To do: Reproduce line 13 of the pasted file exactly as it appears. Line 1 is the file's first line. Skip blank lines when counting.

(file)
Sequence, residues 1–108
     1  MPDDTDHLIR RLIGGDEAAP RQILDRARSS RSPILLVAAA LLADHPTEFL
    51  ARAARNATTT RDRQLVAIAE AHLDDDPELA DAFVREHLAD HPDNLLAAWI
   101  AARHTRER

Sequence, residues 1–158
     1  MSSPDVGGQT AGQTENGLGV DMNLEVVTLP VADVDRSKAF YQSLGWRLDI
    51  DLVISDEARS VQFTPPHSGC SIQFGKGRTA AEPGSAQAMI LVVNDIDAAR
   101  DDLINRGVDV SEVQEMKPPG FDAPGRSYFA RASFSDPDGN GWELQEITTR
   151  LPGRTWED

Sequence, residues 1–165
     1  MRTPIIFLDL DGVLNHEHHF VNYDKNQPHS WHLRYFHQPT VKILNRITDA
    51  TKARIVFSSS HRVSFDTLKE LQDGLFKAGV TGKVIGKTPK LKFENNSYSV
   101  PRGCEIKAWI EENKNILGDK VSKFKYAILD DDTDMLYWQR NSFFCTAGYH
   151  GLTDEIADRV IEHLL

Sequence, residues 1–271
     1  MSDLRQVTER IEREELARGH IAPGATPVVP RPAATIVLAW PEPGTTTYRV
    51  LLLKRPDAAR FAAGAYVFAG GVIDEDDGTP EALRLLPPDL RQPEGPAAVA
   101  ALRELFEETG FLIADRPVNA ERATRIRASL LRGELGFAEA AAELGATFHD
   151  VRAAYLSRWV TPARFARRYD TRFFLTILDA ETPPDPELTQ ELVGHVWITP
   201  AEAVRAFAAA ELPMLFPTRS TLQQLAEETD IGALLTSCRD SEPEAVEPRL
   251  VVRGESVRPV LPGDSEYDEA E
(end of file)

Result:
   101  PRGCEIKAWI EENKNILGDK VSKFKYAILD DDTDMLYWQR NSFFCTAGYH